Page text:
The Winslow Boy (1999) February 26, 2005Posted by Dragan Antulov in Film Reviews.
Tags: David Mamet, Guy Edwards, Jeremy Northam, Nigel Hawthorne, Rebecca Pidgeon
David Mamet has built his reputation of Hollywood’s top script doctor thanks to his talent with words. Those words often belonged to sections of vocabulary not particularly liked by MPAA. So, it was quite a surprise to see THE WINSLOW BOY, David Mamet’s 1999 drama, receive G-rating, something that only the harmless family-friendly cartoons can expect to get these days.
The family-friendly rating can be, at least partially, explained by the film’s setting. The story brings viewer to the world where four-letter words weren’t supposed to exist – upper-to-middle class England in the beginning of 20th Century. It is Christmas 1911 and Arthur Winslow (played by Nigel Hawthorne), retired London banker, looks forward to the marriage of his daughter Catherine (played by Rebecca Pidgeon) to Captain John Waterstone (played by Aden Gillett), son of even more respected family. This bliss is shattered when Arthur’s 13-year old son Ronnie (played by Guy Edwards) returns home after being expelled from elite naval academy over alleged theft. When Ronnie says that he was wrongfully accused, Arthur sees no other alternative but to defend the honour of his family with an unprecedented action – he sues British Admiralty. Since it is almost unimaginable that a private individual could sue the state, he hires the best legal aid he could get – Sir Robert Morton (played by Jeremy Northam), member of Parliament and one of the best legal minds of the era. Catherine, left-wing suffragette, is not so enthusiastic towards Morton, who happens to be conservative opponent of women’s suffrage, but she feels attracted to his legal skills. In the meantime, the case creates media hysteria and puts the heavy toll on Winslows – they are forced to sell family assets to cover legal expenses and Captain Waterstone breaks engagement with Catherine.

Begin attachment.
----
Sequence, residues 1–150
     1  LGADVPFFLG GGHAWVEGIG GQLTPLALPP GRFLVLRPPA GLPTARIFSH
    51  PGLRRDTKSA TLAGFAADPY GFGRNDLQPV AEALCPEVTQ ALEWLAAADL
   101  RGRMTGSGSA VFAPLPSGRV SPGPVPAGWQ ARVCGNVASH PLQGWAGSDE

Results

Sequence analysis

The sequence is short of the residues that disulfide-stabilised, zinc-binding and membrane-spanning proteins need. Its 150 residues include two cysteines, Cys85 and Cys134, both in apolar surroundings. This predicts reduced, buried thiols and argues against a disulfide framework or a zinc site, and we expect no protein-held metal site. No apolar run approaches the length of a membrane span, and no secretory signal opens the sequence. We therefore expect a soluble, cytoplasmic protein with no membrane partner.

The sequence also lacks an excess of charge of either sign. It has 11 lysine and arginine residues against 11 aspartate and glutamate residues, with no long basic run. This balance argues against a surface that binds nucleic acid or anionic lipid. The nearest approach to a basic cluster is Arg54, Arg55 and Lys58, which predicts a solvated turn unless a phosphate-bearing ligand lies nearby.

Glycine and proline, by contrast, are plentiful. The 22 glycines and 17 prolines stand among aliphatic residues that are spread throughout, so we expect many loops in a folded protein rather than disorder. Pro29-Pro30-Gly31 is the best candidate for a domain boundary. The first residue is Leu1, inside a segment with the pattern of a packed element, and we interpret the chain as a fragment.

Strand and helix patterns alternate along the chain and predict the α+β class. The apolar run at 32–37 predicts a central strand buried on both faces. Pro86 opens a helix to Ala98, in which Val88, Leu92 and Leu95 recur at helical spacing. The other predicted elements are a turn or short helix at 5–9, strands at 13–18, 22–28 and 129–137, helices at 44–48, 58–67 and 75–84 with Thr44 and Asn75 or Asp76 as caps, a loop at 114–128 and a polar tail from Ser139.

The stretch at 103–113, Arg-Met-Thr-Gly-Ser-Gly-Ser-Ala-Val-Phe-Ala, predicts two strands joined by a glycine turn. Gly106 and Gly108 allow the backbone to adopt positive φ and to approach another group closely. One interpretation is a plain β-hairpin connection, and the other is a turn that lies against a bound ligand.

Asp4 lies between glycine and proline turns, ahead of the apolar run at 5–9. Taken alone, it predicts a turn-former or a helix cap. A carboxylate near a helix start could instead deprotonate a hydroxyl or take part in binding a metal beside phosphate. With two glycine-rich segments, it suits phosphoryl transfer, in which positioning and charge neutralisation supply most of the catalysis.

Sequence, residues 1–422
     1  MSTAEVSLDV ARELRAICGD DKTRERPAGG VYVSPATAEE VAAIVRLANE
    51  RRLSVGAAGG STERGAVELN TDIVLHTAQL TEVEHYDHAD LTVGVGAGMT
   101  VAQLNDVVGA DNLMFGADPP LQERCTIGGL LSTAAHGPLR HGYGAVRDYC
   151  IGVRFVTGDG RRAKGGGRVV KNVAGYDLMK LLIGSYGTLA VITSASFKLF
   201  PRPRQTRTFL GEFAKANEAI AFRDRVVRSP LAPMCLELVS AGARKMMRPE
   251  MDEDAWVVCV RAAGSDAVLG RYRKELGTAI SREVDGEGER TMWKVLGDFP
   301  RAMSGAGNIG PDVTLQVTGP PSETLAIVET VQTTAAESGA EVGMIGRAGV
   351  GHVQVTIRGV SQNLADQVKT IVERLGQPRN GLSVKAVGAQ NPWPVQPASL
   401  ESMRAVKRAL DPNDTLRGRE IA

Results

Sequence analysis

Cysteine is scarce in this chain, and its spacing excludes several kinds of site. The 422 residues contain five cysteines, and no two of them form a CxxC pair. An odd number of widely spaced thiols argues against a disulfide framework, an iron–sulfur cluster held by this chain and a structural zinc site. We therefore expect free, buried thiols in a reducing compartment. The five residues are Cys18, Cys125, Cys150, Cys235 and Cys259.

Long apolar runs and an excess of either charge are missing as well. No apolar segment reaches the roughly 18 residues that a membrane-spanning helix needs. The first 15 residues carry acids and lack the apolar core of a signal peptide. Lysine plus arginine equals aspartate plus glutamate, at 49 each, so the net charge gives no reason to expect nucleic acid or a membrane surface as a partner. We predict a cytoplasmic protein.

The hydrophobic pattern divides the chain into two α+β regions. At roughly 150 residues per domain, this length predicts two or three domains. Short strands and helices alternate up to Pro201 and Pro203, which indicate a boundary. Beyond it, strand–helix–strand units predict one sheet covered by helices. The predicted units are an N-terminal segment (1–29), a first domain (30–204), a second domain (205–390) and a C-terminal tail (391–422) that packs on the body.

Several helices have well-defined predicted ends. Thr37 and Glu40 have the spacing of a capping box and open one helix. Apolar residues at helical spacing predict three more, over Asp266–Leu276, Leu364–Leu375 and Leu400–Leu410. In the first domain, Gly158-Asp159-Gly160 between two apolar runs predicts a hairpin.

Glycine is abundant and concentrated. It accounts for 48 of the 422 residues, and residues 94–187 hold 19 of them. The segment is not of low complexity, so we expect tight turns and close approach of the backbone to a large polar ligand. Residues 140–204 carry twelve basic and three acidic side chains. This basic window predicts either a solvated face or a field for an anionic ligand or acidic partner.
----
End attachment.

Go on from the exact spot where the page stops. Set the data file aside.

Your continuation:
THE WINSLOW BOY is based on real events that served as inspiration for 1946 stage play by Terence Rattigan and four subsequent screen adaptations. In this version Mamet clearly points to the stage origin of the film – the most important event, which has sparked the drama, happens off-screen; same goes for the entire legal procedure. The audience is therefore left only with the effects of those events on the characters. And this deprives the film of the main dramatic conflict. Winslows are portrayed as loving and functioning family – embodiment of all the social virtues of Edwardian England. Even the encroaching modernity in the form of Catherine’s feminism is harmless.
In many films this could be a major problem, but Mamet saw it as a challenge. He manages to keep the audience’s attention with excellent dialogue. He also paid great attention to period details – despite being shot in Massachussetts, THE WINSLOW BOY perfectly recreates Edwardian England. This could be attributed to Alaric Jans’ music score which sounds very much like the works of Edward Elgar. But the film’s greatest asset is acting. Dependable cast, which includes names like Sir Nigel Hawthorne, Jeremy Northam and Mamet’s wife Rebecca Pidgeon, compensates for the lack of film’s dramatic potential. THE WINSLOW BOY might be triumph of style over substance, but sometimes, like in this case, style is what separates good from bad films.
RATING: 6/10 (++)